During the early medieval period, ivory was a key commodity flowing through different entrepots across the globe. What is particularly interesting about this period is that ivory was only available from certain regions of the world and from certain species - namely elephants in sub-Saharan Africa and India, dugong from the Indian Ocean, and walrus from the north Atlantic. Different social, economic, political, and technological factors influenced the degree of availability of these different ivories, the scale of extraction, their use for different kinds of objects, the way the ivory was worked and the overall popularity of the different types. Identifying the species from which the ivory used for a specific artefact was made, and determining its geographical origin can therefore help towards understanding the changing patterns of connectivity in different exchange networks as they became increasingly global.
This 6-month pilot project will attempt to develop isotopic methods for identifying and provenancing the two most important ivories traded during this period: walrus (Odobenus rosmarus) and elephant (Loxodonta africana, Loxodonta cyclotis, Elephas maximus).
During the Viking Age, walrus ivory was an important natural products, as it was widely available (especially from c. 1100 AD onwards, when supply lines opened up from Norse Greenland; Roesdahl 2005) and the by-products obtained from hunting the walrus (hides, meat, fat) gave further added value. To supply this trade, large populations of walrus were exploited for their ivory across the north Atlantic region (Greenland, to a lesser extent Iceland) and also in northern Norway and the White Sea. Consequntly, walrus ivory artefacts found in archaeological deposits of the early medieval period across Europe may have various geographical origins, and one aim of this project is to establish ways of determining more precisely which sources were used for specific objects and whether one or more area was preferred at different times and/or by different communities.
Much like the other work packages on the Entrepot project which seek to identify source regions of raw materials, this pilot project will attempt to identify source regions of walrus ivory during the early Middle Ages using a multiple isotopic approach (208Pb/207Pb, 208Pb/204Pb, δ18O). To do this, it will first be necessary to test material from these key regions (provenanced walrus ivory) to determine if they can be separated using this method. The project shall sample early medieval archaeological finds of walrus ivory in collaboration with J. Arneborg (The National Museum, Copenhagen), and further participants from the North Atlantic Biocultural Organisation (NABO).
Although this project marks an initial attempt to source archaeological walrus ivory using a multi-isotope method, there have been recent studies exploring the isotopic heterogeneity in modern walrus populations, focused on stocks hunted in the Canadian Arctic and Greenland. Because walruses feed on sedentary filter-feeders such as clams, their heavy, radiogenic isotope signatures should reflect the local marine geological range of this food source. For example, it has been shown that by using lead (Pb) isotope analysis, it is possible to distinguish walrus populations between the eastern coast of Canada and western coast of Greenland due to walrus stocks having a very localised feeding range, and therefore conserving the local geological marine bedrock in the lead signatures measured in their teeth (Outridge et al. Arctic 2003, 82-90). Since the geologies between the source regions of interest during the early medieval period (Greenland, Iceland, White Sea, for example) are significantly different, we will aim to determine whether these geological differences are reflected in the heavy isotope values analysed in the walrus ivory due to its conservative ecological niche. If this is the case, then in principle the method should be able to reliably differentiate archaeological walrus ivory that was obtained from different geographical areas.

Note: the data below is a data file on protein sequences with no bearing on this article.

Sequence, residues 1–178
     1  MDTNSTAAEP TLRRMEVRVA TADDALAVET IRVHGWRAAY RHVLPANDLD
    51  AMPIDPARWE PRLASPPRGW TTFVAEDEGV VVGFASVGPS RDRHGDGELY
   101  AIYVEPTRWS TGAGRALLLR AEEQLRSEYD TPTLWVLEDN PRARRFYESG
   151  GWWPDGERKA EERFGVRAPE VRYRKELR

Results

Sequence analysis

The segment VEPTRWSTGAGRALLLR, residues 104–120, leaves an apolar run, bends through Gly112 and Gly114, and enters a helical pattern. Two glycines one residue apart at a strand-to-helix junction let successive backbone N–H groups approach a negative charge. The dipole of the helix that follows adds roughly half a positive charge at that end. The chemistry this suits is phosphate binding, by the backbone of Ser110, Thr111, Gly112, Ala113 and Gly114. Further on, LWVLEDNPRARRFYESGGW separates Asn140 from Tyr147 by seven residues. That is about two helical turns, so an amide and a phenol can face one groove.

Elephant ivory was an increasingly important trade commodity during the early Middle Ages, particularly with the rise of Islamic trade networks operating in northern and eastern Africa. From the 7th century, the demand for elephant ivory from consumers in China and India soared, and thus elephant ivory was travelling vast distances between places as distant as Africa, India, and China. The Red Sea region was an integral link and crossroads for this traded ivory. Early Islamic Red Sea ports such as Aylah (Aqaba), Jordan would have likely been a key location where ivory goods were exchanged – and the recovery of a remarkable range of ivory objects found during the 2010 excavations at Aylah offers an excellent opportunity to establish where elephant ivory was being sourced by merchants in Aylah during the early medieval period. In collaboration with K. Damgaard (Copenhagen University) and with generous permission from The Department of Antiquities in Jordan, we want to examine whether ivory in Aylah was being obtained from one or more source regions and if it is possible to determine more precisely where specific piece of ivory originated. Identifying and sourcing this ivory with bioarchaeological techniques (DNA and isotope analysis) will also connect it with the other Entrepot work packages focused on Indian Ocean trade (J. Hawkes and S. Wynne-Jones).